One of the less studied aspects of employee voice is the role and influence of the employer. This is both interesting and paradoxical, considering that the employer is central to the operation of voice, in that the employer sets the agenda, creates the internal voice architecture, and develops and maintains the culture and values that surround voice. Within this comprehensive book on voice this chapter seeks to address this issue by exploring the developments of voice in the workplace from the employer perspective. The chapter explores the theoretical perspectives from an employer’s view, and the changing nature of the workplace which has led to increasingly different forms of voice, often within the same workplace. The chapter finishes with a look at the emergence of new forms of voice linked to the increasing use of technology in the 21st century workplace, in particular through social media.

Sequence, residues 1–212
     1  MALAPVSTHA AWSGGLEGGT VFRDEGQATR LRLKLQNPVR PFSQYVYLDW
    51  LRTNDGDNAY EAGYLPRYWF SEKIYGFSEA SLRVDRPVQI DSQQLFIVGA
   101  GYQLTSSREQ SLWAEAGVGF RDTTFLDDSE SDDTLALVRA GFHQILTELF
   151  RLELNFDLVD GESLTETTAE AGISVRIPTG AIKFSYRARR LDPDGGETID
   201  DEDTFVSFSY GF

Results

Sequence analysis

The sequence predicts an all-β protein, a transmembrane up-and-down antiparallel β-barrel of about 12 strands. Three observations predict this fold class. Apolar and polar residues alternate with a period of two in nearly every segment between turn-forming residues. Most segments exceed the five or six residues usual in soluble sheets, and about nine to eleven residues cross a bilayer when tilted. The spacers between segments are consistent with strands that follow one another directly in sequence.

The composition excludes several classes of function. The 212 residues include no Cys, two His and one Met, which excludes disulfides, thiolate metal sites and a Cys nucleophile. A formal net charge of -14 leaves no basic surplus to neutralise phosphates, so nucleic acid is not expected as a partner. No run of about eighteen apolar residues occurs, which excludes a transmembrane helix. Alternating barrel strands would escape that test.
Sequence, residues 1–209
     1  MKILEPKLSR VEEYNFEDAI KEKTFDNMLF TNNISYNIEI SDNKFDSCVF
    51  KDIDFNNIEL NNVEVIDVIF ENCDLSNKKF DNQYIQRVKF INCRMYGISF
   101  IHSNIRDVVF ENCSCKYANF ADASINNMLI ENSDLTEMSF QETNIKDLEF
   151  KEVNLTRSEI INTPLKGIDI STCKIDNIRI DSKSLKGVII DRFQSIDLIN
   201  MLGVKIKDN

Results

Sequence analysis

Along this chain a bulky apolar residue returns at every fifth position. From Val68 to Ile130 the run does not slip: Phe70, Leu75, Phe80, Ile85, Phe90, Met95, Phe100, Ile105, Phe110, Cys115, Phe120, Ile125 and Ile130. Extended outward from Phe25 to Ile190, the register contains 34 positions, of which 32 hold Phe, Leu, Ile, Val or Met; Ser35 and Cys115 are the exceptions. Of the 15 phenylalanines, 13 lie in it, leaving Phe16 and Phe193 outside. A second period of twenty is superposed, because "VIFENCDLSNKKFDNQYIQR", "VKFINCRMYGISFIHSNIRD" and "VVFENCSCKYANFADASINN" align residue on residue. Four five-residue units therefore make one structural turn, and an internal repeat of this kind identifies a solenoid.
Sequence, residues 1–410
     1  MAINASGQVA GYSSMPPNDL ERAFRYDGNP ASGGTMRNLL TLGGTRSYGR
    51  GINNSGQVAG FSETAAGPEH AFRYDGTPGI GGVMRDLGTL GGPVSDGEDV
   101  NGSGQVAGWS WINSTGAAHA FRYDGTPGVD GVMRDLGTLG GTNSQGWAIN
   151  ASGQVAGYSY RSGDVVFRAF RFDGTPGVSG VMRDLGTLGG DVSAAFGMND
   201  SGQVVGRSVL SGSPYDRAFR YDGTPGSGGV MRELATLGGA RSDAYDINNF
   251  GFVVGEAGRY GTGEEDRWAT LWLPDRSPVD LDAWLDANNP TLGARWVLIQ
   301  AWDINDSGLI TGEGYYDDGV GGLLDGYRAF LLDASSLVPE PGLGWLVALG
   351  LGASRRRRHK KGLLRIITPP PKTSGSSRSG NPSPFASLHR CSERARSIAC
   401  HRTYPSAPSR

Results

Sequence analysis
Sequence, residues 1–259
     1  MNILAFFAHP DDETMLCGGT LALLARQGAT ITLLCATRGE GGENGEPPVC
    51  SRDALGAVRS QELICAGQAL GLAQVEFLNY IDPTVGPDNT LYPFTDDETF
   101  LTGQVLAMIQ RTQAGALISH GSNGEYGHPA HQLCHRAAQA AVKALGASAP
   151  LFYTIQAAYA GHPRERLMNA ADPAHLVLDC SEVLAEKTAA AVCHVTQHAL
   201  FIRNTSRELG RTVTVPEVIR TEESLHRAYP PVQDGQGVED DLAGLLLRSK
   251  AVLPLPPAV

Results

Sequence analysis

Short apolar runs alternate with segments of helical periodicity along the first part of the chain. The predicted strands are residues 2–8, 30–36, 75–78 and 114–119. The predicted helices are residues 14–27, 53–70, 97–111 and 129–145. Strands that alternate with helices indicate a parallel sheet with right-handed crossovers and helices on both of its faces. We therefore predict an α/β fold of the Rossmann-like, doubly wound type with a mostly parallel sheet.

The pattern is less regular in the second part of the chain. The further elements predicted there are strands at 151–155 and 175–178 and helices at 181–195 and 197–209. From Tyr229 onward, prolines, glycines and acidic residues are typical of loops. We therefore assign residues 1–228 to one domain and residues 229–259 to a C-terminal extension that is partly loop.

Chris Brewster and Peter Holland
At the start of the fourth industrial revolution, clear signs are emerging as to how outsourcing, artificial intelligence (AI) and the ‘gig’ economy are creating and will create major change in the workplace, with the potential to drive this change deep into highly skilled white-collar jobs in advanced market economies. This is a situation people undertaking these roles and careers never contemplated. These pervading themes hide a significant change – such work is bringing in the fragmentation of the employment relationship and associated aspects of employee well-being and voice. As such, we suggest that the fourth industrial revolution is different from that of previous technological revolutions, and we discuss the implications for those of us who study work and employment. We argue that there are the options to take the high road or a low road to the management of technology, employment and work, and we provide a framework to contribute to this debate.